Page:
Immersive Reader & Custom Page Background Color in the Retail (Non-Sub Based) Word 2019?

If, like me, you’re wondering if the retail version of Microsoft Office 2019—the single purchase one, not the subscription-based Office 365/Microsoft 365—comes with the same Immersive Reader, the answer is: yes. And that’s great, because it makes Word so much more comfortable, imo:

(Sorry, this retail version of Office is in French and I’ve not yet checked if I can switch language, like with O365.)

Also, one can use a custom page background color and therefore keep using the traditinal page layout with margisn and border:

Don’t mind the odd-looking custom tab you can see in the Ribbon: that’s one of the really neat features of newer Word versions, the ability to create your very own Ribbon/Tabs, and group whatever tools you often use. That option, plus the ability to hide the Ribbon and define keyboard shortcuts or almost any tool, is 😍

FYI, the retail version I use is ‘Microsoft Office Professional Plus 2019’, no idea what the ‘Professional Plus’ stands for but unlike what the screenshot may let you believe: OneNote is not pre-installed (I reckon because this version of Office does not come With any OneDrive Storage?)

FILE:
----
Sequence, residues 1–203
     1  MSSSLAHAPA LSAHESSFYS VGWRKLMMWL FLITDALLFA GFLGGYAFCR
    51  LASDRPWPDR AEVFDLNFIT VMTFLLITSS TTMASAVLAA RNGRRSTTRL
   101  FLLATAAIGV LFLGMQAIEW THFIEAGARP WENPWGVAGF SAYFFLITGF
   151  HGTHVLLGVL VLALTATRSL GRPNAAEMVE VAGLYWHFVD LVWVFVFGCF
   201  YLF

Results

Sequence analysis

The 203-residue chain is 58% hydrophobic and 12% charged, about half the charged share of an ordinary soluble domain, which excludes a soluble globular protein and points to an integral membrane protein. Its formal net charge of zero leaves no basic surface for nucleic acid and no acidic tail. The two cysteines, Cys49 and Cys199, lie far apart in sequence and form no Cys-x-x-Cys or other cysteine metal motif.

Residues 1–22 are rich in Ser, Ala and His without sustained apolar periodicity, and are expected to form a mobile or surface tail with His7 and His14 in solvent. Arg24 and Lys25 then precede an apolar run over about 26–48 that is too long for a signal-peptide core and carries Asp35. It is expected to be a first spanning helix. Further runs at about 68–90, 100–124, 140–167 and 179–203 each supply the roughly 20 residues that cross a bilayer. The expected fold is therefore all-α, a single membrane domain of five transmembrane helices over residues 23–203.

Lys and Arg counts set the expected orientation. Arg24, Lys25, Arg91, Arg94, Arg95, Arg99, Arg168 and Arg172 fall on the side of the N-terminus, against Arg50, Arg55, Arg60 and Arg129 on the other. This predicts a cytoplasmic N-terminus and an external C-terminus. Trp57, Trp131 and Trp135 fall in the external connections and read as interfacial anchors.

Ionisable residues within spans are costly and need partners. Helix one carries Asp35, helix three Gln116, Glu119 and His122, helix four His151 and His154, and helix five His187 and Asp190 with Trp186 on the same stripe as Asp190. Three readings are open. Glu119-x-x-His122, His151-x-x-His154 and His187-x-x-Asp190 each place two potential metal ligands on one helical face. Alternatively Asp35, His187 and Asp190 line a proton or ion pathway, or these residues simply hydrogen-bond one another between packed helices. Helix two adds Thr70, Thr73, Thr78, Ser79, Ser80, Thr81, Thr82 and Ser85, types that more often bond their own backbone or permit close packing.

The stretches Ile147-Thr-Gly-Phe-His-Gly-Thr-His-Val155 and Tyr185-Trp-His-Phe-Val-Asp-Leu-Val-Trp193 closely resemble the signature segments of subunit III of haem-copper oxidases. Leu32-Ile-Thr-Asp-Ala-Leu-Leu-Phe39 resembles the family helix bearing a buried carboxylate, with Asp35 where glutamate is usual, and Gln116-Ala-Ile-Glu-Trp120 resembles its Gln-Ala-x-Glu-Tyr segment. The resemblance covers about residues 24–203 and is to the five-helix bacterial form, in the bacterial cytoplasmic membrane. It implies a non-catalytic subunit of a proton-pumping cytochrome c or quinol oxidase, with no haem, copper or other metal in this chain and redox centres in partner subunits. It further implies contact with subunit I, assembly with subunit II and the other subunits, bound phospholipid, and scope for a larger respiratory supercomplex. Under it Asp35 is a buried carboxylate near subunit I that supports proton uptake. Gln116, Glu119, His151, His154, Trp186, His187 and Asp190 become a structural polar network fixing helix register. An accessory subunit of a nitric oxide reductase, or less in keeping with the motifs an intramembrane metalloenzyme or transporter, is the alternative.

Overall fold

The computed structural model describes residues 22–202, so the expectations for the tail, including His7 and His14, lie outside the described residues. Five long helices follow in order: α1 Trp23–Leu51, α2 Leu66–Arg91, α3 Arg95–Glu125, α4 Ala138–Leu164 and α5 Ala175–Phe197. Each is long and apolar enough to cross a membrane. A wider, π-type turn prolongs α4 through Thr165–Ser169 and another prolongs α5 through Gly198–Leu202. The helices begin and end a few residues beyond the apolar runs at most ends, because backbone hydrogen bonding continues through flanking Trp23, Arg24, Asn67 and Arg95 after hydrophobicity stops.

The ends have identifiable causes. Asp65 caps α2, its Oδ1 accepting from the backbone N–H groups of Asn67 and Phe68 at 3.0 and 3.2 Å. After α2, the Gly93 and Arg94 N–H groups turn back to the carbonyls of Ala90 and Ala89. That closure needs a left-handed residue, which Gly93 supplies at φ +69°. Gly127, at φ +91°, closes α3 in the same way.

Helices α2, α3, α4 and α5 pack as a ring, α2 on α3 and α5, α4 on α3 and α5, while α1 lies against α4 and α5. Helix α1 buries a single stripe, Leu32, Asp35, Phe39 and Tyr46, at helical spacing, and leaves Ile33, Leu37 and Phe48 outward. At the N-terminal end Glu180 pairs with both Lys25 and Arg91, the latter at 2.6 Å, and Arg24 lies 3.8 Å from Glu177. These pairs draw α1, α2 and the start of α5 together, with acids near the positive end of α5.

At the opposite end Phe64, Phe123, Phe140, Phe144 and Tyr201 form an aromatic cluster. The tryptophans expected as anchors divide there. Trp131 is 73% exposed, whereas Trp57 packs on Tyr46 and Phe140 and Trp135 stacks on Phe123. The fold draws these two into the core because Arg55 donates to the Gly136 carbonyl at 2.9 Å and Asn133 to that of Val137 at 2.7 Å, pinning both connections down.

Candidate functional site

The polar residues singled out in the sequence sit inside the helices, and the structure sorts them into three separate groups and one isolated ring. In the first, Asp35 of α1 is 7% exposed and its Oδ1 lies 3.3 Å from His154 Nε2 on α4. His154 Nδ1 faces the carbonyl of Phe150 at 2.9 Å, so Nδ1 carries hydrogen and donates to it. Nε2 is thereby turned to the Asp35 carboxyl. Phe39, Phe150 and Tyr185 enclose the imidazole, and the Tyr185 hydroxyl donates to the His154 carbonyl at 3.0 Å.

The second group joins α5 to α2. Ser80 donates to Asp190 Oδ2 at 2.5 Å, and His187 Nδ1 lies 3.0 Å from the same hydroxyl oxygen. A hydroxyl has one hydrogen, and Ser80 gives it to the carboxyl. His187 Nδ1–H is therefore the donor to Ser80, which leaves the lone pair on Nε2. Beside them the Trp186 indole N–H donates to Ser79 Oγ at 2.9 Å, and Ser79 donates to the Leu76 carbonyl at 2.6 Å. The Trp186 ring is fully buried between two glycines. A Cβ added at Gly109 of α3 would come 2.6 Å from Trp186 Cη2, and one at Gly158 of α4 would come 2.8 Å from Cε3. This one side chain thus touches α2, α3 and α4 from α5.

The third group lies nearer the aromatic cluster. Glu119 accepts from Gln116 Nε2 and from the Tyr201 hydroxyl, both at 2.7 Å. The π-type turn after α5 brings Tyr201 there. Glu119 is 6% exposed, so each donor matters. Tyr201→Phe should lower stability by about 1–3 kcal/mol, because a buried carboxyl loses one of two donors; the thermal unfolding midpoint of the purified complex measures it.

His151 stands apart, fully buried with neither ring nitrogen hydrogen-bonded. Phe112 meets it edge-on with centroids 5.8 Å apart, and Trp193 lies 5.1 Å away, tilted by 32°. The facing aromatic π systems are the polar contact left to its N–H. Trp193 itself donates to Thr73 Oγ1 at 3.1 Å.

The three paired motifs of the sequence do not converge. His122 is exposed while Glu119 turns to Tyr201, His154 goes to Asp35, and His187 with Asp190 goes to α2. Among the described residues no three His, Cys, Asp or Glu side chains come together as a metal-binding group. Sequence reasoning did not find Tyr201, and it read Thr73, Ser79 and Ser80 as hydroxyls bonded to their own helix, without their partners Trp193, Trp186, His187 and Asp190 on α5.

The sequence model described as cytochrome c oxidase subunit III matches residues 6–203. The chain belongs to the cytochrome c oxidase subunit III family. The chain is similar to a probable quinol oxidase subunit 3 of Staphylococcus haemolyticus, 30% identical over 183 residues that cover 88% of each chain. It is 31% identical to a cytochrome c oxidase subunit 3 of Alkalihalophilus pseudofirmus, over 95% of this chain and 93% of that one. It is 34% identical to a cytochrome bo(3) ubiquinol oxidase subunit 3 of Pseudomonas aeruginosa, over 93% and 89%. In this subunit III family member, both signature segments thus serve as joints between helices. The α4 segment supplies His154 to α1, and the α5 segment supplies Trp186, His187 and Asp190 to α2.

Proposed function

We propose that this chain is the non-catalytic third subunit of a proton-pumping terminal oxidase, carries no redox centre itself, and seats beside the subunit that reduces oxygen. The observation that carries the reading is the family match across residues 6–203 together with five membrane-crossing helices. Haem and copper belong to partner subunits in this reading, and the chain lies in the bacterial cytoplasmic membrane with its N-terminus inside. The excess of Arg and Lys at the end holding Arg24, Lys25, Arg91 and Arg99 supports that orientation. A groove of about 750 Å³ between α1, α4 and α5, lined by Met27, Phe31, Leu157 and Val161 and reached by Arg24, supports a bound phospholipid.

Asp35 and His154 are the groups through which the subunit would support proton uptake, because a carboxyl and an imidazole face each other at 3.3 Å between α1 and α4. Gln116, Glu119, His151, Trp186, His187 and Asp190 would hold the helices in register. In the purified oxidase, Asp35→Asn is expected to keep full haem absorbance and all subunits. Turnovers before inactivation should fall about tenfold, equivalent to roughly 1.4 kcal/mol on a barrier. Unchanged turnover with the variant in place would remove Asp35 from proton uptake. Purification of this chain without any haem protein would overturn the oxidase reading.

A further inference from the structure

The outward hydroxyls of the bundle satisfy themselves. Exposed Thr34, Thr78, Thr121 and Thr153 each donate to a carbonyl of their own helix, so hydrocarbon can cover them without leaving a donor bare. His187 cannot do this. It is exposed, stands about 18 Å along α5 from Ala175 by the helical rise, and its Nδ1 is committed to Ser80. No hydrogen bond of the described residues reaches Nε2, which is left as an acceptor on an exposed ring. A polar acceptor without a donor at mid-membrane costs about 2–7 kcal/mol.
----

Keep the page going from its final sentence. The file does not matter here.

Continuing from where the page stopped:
Why bother with the retail version of Office if I already use the sub-based Microsoft 365? I needed Word on a machine that won’t connect to the Internet, and the sub-based Microsoft 365 needs to connect at least once a month to check if your sub is still active. This retail version needed to connect online only once, in order to activate the license.

Related:

A True Dark Mode for Microsoft Word

A True Dark Mode for Microsoft Word

Some users consider dark mode a fad. Because of my deteriorating eyesight, I don’t have such a luxury: I can’t read dark text on bright/light colored background, be it on screen or on paper.

Before dark mode was a thing, I was using a high contrast accessibility theme—which is great but also way too radical for my specific needs. Dark mode has given me the best of both worlds: a more or less ‘normal’ looking setup, only with bigger fonts, less eye candy and, well, darker colors.

So, how does Microsoft Word deal with dark mode? Very well, as long as you do not limit yourself to what the majority of guides will suggest you do, that is to use Office 365 dark mode. There is more to it, as you will see.

Illustration: the left of the screen shows Word using its dark mode plus the Immersive Reader: the text is white on a black backround, with an image that is unchanged. There is no page break or margins, the document almost feels like a basic text editor save that it shows an image too. The other half of the screen shows the wallpaper: a night view of a desert scene with many stars.
Microsoft Word in all its dark glory, once fully configured.

But let’s start with the obvious: activating Office’s dark mode.

Continue reading A True Dark Mode for Microsoft Word

Using the Traditional Save/Open Dialog Box in Microsoft Office

By default, when you hit Save or when you try to open a file, the latest versions of Word and other Microsoft Office applications will use a new kind of window called the Backstage. As Microsoft wrote, the backstage “is everything that you do to a file that you don’t do in the file.”

A view of the new Save As dialog box, aka the Backstage Continue reading Using the Traditional Save/Open Dialog Box in Microsoft Office